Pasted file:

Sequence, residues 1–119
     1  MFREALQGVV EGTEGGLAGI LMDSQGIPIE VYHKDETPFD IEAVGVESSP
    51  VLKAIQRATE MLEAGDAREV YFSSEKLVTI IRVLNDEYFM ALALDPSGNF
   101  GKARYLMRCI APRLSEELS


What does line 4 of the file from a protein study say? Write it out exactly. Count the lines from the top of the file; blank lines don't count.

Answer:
   101  GKARYLMRCI APRLSEELS